FBI releases data on missing Native Americans
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ALBUQUERQUE, N.M. – A public list is part of the FBI’s latest effort to find 183 Native Americans who went missing across New Mexico and the Navajo Nation.
The list includes 115 men, most in their mid-thirties who on average have been missing more than 800 days. It also names 68 women, most in their mid-twenties who have been missing more than 500 days on average.
“Overall, if you were trying to capture the problem of people that are coming on and going off the list, it is actually identical,” FBI Intelligence Analyst Don Metzmeier said.
Supervisory Intelligence Analyst Ryan Summers said it is important to note that the current numbers only reflect a snapshot in time.
“We’ve only really been compiling and pushing this list out to the public for the last few months,” he said. “So it’s a very short window, at this point, that we’ve been looking at it. So that’s not to say that two years from now that we may be looking at a different, you know, strata of gender ratios on that public list.”
Some cases date back to the 1980s, but even decades later, Summers and Metzmeier said those families have not given up hope.
“Those long term missing ones, those are some of the more painful cases out there,” Summers said. “Those families have really painful stories. We’ve listened to a lot of those during these tribal consultations and listening sessions. Those are the ones that, you know, I really want to try to generate some more investigative leads and tips so that we can help find some resolution for the families.”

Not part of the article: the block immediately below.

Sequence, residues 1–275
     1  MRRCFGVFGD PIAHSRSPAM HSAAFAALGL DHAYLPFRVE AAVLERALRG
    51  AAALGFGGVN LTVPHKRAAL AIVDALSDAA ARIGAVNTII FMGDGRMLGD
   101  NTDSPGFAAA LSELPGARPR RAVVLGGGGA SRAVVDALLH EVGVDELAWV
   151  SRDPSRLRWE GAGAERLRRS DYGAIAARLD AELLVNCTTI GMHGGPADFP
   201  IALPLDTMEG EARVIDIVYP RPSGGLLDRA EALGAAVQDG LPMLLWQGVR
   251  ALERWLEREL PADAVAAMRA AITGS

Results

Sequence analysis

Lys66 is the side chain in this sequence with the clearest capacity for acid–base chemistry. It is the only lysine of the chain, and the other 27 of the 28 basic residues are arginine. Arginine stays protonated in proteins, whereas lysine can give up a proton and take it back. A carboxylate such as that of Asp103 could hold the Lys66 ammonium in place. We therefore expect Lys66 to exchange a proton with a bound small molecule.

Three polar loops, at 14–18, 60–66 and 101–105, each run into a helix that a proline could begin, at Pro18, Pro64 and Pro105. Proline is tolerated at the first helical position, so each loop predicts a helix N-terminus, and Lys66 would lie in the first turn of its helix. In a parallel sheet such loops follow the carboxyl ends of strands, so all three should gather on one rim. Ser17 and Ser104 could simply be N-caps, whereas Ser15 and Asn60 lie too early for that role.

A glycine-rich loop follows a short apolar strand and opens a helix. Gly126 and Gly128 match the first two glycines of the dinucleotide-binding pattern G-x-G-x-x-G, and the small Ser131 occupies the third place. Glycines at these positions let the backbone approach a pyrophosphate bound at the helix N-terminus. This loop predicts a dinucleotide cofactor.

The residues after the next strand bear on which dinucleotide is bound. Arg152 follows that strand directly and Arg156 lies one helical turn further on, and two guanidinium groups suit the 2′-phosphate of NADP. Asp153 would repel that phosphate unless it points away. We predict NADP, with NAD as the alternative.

Summers said the list not only allows the public to track the FBI’s progress with these cases in real-time, but it also boosts the bureau’s transparency, accountability and gives people an opportunity to reach out with any tips they might have.
“We need the public to be able to trust the data that’s there,” he said. “We need them to provide information to us about names that are on this list. We need them to know that if their loved one is not on this list, that they need to report that to their local law enforcement agency.”
Meanwhile, the Department of Justice recently announced $246 million in grants for tribal nations across the U.S. Close to $4.8 million, or just under 2%, will be used to improve public safety and serve crime victims across New Mexico.
With these changes, multiple federal government agencies are working together toward common goals: protecting Native Americans, comforting grieving families and bringing the number of missing and murdered indigenous people to zero.
“That’s the ultimate goal, is to bring the list down,” Metzmeier said. “Each of those individuals that are on there, there’s a story, and what we’re trying to also do by putting them on the list is saying to the victims’ families, ‘we hear you, we acknowledge that your family members missing, we validate that family member’s missing, and we’re trying to use our resources to help come up with a resolution to that.’”
The FBI asks anyone with information on missing individuals, or those who wish to add someone’s name to the list, to call 1-800-CALL-FBI or the New Mexico Attorney General’s Office.